It was an adventure. I spent every spare minute I could find reading the book. At some point in my venture through the book, a friend asked me what I thought, and I said that while I was enjoying it, I had no intention of ever reading it again. She reminded me of one of life’s great truths-being an adult means that you don’t have to finish a book just because you started it.

But that wasn’t it. It wasn’t that I didn’t want to finish the book. I was hypnotized by the writing, and I desperately wanted to find out how the story ends. However, I don’t think that I’ll be revisiting the book. DFW and I had our adventure. We had a nice long fling together. As flings go, it was solid. I grew from the experience. I’ll always remember it fondly. But it’s not a fling that I feel any need to revisit. The book is on the shelf. I can look at it. I can remember. But I don’t have to go back there.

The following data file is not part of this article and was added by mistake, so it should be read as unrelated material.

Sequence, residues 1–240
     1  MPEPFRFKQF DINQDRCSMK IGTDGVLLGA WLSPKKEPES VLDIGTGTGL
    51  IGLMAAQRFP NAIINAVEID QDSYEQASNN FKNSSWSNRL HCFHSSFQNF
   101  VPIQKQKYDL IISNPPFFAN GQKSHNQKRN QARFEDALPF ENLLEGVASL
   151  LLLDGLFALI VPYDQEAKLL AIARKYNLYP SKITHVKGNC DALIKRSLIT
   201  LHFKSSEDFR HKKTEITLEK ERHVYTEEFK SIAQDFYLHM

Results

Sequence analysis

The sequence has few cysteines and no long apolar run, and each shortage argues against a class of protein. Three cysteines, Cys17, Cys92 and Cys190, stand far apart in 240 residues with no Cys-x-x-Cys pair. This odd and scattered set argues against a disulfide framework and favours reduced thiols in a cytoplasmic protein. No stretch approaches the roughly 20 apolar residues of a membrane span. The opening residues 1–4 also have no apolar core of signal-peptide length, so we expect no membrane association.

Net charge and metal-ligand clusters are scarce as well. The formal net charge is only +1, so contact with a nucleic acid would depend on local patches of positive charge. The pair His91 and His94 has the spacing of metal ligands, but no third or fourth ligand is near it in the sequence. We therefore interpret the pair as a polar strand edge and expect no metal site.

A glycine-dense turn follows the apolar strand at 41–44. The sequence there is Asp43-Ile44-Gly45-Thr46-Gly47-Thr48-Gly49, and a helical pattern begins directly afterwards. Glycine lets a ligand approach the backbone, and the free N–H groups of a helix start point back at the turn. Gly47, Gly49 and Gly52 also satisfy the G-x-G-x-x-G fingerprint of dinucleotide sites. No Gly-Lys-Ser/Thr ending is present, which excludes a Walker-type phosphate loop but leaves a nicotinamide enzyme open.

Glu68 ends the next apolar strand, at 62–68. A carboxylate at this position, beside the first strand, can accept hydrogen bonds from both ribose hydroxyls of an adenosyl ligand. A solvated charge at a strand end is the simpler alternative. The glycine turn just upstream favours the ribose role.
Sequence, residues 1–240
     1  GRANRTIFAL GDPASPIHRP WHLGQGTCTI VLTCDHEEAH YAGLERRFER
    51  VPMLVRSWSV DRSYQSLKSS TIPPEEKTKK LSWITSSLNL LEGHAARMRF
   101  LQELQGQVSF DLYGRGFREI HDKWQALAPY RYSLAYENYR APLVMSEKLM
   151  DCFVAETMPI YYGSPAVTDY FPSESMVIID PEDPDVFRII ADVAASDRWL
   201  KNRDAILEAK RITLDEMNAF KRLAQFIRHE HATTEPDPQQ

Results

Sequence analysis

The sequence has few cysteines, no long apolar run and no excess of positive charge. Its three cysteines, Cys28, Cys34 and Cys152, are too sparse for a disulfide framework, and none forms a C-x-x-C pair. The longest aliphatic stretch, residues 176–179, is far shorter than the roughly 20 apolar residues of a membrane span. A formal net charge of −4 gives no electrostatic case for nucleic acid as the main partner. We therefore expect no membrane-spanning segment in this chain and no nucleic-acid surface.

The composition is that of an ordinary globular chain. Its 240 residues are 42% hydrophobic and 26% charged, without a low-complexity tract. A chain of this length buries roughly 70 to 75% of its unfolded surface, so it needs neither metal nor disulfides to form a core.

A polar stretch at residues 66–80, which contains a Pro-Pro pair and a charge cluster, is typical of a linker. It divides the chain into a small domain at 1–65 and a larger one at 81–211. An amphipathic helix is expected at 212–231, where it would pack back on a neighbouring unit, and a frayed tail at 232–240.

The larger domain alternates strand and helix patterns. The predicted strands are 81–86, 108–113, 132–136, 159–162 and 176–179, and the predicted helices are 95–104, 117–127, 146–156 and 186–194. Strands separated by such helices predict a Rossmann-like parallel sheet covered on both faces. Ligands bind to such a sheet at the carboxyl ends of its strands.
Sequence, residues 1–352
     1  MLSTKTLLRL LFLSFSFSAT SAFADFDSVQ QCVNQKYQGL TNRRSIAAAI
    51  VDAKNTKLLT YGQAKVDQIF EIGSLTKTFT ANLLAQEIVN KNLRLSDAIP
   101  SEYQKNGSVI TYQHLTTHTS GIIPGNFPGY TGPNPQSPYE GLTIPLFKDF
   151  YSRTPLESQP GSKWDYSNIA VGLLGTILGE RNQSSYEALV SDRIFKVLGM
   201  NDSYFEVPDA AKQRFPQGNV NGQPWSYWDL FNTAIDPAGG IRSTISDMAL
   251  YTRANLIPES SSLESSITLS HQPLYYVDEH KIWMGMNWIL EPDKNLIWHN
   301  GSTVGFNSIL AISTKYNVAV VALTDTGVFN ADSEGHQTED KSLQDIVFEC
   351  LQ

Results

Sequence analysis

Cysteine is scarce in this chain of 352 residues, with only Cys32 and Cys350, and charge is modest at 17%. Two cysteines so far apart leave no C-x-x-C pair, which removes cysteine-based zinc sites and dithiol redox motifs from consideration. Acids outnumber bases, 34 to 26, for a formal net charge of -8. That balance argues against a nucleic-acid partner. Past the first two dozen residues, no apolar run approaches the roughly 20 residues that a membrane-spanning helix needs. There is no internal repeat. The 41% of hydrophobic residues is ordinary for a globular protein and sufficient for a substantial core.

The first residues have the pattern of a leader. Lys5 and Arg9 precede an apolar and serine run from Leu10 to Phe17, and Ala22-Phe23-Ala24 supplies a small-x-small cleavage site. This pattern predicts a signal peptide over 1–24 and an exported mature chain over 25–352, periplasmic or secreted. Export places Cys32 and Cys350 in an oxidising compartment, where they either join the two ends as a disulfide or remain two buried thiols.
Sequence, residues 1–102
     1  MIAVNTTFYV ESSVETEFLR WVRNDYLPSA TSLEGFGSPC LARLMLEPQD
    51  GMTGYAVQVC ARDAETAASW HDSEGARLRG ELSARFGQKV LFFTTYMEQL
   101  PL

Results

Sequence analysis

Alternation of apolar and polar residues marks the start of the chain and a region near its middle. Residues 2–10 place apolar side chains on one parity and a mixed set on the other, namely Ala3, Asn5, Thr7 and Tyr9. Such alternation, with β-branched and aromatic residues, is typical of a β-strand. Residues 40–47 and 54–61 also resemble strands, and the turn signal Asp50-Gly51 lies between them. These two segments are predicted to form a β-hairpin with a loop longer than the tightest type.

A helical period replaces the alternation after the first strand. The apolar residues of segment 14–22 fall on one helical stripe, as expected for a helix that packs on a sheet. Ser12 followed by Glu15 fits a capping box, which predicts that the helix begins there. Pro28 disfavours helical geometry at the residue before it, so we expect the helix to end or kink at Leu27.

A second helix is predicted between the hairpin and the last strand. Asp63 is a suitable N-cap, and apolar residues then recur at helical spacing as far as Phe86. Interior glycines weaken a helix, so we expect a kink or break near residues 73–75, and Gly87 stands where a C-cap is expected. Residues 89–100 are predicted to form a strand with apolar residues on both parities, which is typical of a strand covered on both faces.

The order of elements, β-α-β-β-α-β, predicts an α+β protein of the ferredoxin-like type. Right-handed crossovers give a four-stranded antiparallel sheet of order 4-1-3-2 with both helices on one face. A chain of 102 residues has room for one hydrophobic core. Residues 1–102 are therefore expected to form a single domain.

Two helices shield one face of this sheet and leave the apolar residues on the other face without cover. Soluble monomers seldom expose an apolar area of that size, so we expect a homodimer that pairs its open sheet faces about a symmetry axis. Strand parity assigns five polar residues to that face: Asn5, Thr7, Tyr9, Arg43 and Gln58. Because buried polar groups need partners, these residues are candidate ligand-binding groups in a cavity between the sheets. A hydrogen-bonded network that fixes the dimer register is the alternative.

That’s the thing about reading books as an adult. You get to choose what you read and what you don’t read. And you don’t have to reread books if you don’t want to. You can have an enjoyable fling with a book and leave it behind when your fling ends. If you love it and revisiting it is good for you, go for it. Revisit it often. I used to read a few pages of Marisa Dos Santos’s Love Walked In almost every night because I was having trouble falling asleep and the book helped me calm down and sleep. (Also, I loved reading about Teo Sandoval right before bed.) I have friends who reread The Lord of the Rings every year.

Your time is your own, and you get to choose how you use that resource. Yes, some things in life are mandatory, but others aren’t. As an adult, you get to choose what you read and when you read it-within reason of course. It’s absolutely true that you don’t have to finish a book. You don’t have to have a set timeline for reading a book. And you can read a book as many times as you want. If you want to read it once, that’s your choice. Likewise, it’s your choice if you want to read it twenty times. It’s all up to you.